37 States Explicitly Outline What Conditions are Considered “High-Risk” for Vaccine Prioritization
Individuals with certain medical conditions are at increased risk of severe illness if they become infected with SARS-CoV-2, the virus that causes COVID-19, and as such are recommended by the Centers for Disease Control and Prevention (CDC) for vaccination in the first phases of vaccine roll-out. Most states have not yet opened up vaccine eligibility to those with high-risk medical conditions, although they represent some of the next in line.
A recent KFF analysis assessed how states are defining “high-risk medical conditions,” including whether they follow CDC’s recommendations or deviate in some way. This point in time analysis reflects information available as of February 16, 2021. Overall, there is wide variation across the country, including in the conditions listed by states, whether these are limited or allow for additional conditions to be considered, and how clearly the information is presented.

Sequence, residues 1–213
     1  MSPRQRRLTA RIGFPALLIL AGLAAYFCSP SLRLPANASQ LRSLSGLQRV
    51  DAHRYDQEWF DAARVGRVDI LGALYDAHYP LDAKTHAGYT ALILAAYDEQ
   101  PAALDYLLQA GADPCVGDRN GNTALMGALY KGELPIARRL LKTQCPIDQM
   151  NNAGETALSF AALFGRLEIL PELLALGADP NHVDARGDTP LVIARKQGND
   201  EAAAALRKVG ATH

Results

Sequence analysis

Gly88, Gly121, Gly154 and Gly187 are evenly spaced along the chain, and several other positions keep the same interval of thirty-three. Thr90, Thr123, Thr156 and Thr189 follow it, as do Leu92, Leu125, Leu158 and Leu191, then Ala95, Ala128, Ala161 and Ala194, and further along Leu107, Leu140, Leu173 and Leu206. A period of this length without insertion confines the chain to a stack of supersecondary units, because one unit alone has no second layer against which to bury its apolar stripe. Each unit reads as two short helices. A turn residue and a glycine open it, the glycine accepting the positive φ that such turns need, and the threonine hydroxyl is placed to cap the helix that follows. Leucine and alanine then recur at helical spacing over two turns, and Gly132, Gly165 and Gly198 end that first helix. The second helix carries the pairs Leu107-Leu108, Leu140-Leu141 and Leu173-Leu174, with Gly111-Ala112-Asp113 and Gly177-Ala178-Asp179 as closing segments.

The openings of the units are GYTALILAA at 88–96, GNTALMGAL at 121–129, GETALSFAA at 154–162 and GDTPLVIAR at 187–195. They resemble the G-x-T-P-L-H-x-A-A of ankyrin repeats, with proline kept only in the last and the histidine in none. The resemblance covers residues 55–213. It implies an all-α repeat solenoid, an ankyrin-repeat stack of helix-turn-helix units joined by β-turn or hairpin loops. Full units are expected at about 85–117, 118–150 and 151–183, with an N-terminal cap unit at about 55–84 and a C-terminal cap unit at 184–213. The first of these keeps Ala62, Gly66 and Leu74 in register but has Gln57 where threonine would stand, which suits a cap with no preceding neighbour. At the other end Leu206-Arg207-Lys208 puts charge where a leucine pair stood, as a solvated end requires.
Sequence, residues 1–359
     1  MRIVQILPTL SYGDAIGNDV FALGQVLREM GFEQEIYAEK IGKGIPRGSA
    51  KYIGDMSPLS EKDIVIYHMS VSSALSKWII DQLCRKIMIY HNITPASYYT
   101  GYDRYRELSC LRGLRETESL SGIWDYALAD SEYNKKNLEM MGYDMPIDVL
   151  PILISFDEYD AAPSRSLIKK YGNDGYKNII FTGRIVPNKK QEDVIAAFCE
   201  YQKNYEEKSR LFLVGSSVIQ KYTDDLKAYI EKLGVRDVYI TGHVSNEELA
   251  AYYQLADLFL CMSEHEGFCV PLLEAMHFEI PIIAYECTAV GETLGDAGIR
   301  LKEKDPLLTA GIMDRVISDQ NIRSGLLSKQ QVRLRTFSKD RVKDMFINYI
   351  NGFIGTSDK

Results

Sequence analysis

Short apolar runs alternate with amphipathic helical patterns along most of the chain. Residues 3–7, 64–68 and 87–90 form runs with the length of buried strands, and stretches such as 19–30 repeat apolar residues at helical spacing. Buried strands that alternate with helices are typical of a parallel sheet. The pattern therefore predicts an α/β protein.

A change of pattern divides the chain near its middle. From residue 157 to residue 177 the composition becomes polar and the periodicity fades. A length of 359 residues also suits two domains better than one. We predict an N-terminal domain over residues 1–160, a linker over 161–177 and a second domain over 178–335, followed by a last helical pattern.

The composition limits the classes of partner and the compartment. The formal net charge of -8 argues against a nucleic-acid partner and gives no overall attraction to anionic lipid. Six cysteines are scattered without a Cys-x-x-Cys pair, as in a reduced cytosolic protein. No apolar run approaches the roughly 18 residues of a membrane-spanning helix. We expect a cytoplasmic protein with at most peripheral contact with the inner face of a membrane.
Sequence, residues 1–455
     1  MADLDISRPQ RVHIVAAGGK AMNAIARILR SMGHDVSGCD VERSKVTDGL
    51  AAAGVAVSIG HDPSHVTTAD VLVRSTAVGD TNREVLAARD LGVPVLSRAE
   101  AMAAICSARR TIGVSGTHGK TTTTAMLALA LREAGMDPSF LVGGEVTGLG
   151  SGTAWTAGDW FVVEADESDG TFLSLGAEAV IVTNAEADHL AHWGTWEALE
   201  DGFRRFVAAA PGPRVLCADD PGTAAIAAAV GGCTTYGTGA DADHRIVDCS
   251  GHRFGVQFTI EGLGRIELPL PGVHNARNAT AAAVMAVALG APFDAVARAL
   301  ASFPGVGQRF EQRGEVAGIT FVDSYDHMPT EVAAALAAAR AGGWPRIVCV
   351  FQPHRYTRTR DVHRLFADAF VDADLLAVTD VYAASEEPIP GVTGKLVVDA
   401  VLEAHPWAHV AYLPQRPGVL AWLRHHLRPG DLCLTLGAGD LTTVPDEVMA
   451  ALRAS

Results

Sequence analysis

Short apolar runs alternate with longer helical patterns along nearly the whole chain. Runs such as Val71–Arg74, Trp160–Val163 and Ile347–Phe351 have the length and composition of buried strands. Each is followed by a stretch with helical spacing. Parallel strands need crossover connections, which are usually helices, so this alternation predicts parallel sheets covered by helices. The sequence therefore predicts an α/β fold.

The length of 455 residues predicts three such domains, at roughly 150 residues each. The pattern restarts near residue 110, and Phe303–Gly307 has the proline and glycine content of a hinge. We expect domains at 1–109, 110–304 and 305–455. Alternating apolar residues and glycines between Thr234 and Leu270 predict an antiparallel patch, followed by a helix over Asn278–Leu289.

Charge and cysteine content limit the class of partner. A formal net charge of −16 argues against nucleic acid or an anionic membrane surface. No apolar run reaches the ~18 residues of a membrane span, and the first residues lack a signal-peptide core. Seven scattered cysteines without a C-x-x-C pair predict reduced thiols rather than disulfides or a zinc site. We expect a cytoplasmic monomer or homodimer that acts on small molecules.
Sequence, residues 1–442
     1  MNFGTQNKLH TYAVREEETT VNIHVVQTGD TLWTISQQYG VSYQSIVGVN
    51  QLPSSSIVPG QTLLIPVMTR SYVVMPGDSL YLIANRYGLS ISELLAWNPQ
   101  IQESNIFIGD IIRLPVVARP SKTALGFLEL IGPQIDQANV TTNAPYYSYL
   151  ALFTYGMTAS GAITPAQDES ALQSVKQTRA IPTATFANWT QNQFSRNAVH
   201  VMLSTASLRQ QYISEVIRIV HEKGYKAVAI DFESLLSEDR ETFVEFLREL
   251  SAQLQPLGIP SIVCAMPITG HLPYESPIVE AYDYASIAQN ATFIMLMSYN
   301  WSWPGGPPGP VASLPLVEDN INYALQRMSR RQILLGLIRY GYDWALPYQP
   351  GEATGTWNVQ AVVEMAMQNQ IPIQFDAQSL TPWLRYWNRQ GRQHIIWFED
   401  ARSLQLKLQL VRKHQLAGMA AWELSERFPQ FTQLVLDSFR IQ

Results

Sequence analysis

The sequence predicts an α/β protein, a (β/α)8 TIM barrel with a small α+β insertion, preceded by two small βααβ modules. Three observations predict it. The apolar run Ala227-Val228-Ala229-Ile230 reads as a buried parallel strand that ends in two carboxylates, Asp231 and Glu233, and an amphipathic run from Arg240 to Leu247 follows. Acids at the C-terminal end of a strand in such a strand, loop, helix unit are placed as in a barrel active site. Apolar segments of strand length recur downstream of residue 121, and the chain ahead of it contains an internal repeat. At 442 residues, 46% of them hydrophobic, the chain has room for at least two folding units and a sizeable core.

Among the 50 states and DC, 37 have provided explicit information on what conditions they consider “high risk” (Figure 1):
- 14 include all twelve of the conditions on CDC’s list.
- Almost all include the following conditions: cancer (35), chronic kidney disease (34), COPD (37), heart conditions (35), immunocompromised due to solid organ transplant (36), sickle cell disease (35), and Type 2 diabetes (34).
- There is less consistent inclusion of other conditions: severe obesity (32 states), obesity (29), Down Syndrome (32), pregnancy (27), and smoking (16).
Given the challenges and confusion with vaccine roll-out thus far, this variation and lack of clarity could have significant bearing on the ability of those with high-risk medical conditions, some of whom may be among the most vulnerable, to access the vaccine in early phases.